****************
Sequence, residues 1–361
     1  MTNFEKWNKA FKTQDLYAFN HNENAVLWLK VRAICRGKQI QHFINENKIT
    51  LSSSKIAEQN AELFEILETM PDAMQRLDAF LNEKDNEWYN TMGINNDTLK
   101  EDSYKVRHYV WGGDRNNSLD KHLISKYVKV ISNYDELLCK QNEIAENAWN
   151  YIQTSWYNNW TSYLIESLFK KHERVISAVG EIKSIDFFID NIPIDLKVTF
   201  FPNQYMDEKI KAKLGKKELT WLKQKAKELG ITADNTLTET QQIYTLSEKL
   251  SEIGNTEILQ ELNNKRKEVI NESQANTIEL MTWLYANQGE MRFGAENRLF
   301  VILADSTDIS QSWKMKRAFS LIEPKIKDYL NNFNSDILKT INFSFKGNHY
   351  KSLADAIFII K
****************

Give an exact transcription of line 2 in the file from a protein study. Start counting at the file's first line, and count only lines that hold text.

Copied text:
     1  MTNFEKWNKA FKTQDLYAFN HNENAVLWLK VRAICRGKQI QHFINENKIT